The twelfth figure, the last in the booklet, shows us birds in flight. There are two in the upper part; one looks to me like an owl. Perhaps the other is a crow, like those in Figure 9. There are three birds flying over the horizon at the bottom left; I don’t know what that sketch below it shows, possibly a seated figure. And at the bottom right is a standing winged figure. It could be an angel, or even Mothman, given that this was 1967. The line on the figure’s right side (our left) may be an incomplete wing. Perhaps the semi-circle in which it stands is significant, given the circles in Figures 6 and 8, and the dome in Figures 5 and 11. Flying birds suggest freedom to me, and seem to end the series with an image of liberation — from what, I don’t know.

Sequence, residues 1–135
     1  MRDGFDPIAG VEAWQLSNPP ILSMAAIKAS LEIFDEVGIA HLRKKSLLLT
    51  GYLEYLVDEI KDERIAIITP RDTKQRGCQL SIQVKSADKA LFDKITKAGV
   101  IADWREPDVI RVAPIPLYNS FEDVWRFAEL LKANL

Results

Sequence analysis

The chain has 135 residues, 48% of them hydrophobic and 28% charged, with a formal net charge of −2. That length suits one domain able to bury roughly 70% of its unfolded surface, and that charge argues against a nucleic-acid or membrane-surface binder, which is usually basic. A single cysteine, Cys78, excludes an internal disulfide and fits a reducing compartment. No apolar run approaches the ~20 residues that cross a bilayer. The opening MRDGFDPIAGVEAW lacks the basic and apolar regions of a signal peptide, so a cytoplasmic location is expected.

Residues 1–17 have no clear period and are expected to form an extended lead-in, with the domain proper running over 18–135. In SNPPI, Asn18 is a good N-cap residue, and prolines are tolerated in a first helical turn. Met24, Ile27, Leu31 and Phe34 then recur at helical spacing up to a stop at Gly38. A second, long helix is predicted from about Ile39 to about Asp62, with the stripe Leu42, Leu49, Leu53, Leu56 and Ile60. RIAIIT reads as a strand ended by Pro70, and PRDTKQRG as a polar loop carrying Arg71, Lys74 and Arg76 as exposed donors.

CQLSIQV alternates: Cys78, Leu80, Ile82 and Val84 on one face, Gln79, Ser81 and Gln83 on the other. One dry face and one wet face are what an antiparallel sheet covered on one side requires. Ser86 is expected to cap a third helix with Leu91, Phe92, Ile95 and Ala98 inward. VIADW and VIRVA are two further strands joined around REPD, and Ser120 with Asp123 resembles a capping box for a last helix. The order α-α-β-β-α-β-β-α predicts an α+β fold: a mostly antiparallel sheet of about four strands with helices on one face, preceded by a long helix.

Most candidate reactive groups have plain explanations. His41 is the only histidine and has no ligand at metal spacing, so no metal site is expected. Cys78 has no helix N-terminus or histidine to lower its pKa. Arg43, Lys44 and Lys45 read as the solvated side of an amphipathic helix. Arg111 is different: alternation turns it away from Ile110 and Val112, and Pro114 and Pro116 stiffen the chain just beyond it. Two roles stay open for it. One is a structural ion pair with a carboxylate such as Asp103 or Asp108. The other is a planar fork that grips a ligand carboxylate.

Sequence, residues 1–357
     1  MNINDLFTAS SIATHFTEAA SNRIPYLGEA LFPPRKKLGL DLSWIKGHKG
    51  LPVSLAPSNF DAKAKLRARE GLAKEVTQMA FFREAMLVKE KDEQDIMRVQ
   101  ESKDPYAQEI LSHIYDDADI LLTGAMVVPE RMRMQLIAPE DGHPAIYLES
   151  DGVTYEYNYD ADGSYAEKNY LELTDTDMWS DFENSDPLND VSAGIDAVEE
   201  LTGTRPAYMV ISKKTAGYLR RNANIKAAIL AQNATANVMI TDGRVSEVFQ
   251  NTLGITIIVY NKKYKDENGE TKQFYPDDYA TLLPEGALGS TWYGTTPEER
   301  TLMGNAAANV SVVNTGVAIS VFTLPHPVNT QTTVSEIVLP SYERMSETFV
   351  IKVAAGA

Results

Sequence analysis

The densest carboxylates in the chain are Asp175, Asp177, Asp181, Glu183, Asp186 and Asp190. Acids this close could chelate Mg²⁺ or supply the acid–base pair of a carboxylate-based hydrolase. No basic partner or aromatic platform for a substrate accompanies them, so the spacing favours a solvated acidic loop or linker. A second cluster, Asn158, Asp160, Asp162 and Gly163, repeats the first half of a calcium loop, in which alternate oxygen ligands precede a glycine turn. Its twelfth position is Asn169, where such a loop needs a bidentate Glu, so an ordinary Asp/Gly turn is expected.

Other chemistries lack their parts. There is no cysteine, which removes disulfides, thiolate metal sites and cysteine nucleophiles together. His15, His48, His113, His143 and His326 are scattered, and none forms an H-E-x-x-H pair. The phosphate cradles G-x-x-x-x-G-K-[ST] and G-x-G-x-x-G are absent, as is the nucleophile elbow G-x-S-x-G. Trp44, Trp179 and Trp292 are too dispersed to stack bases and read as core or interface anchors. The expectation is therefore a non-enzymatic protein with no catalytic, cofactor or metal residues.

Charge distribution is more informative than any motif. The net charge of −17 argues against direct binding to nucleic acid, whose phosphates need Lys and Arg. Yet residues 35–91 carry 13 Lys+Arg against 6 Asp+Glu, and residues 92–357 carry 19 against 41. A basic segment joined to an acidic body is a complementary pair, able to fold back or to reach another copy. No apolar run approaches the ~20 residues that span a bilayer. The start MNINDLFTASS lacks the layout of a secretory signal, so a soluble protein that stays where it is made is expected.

One of my reasons for posting these was to see if anyone else had seen them, since John’s note suggests that he circulated them among other researchers. So, let me know if you know anything more about them.
I do suspect that the ordering of the pictures is part of their meaning; that there is a narrative, or some kind of progression. They seem to have little to do with UFOs, although some of them could be interpreted as pictures of aliens or craft. Instead, we have crows, campfires, bugs and people running in circles. We begin with a baby and end with an angel, so perhaps a life cycle is intended.
The themes of birth and family have always been part of the UFO story, as well as the fairy lore with which it has so much in common. It may be, though, that these pictures have more to do with the inner conflicts of the artist. As I said at the outset, I think they were drawn by Jaye Paro, but I’m not sure. It would help if we knew where they came from.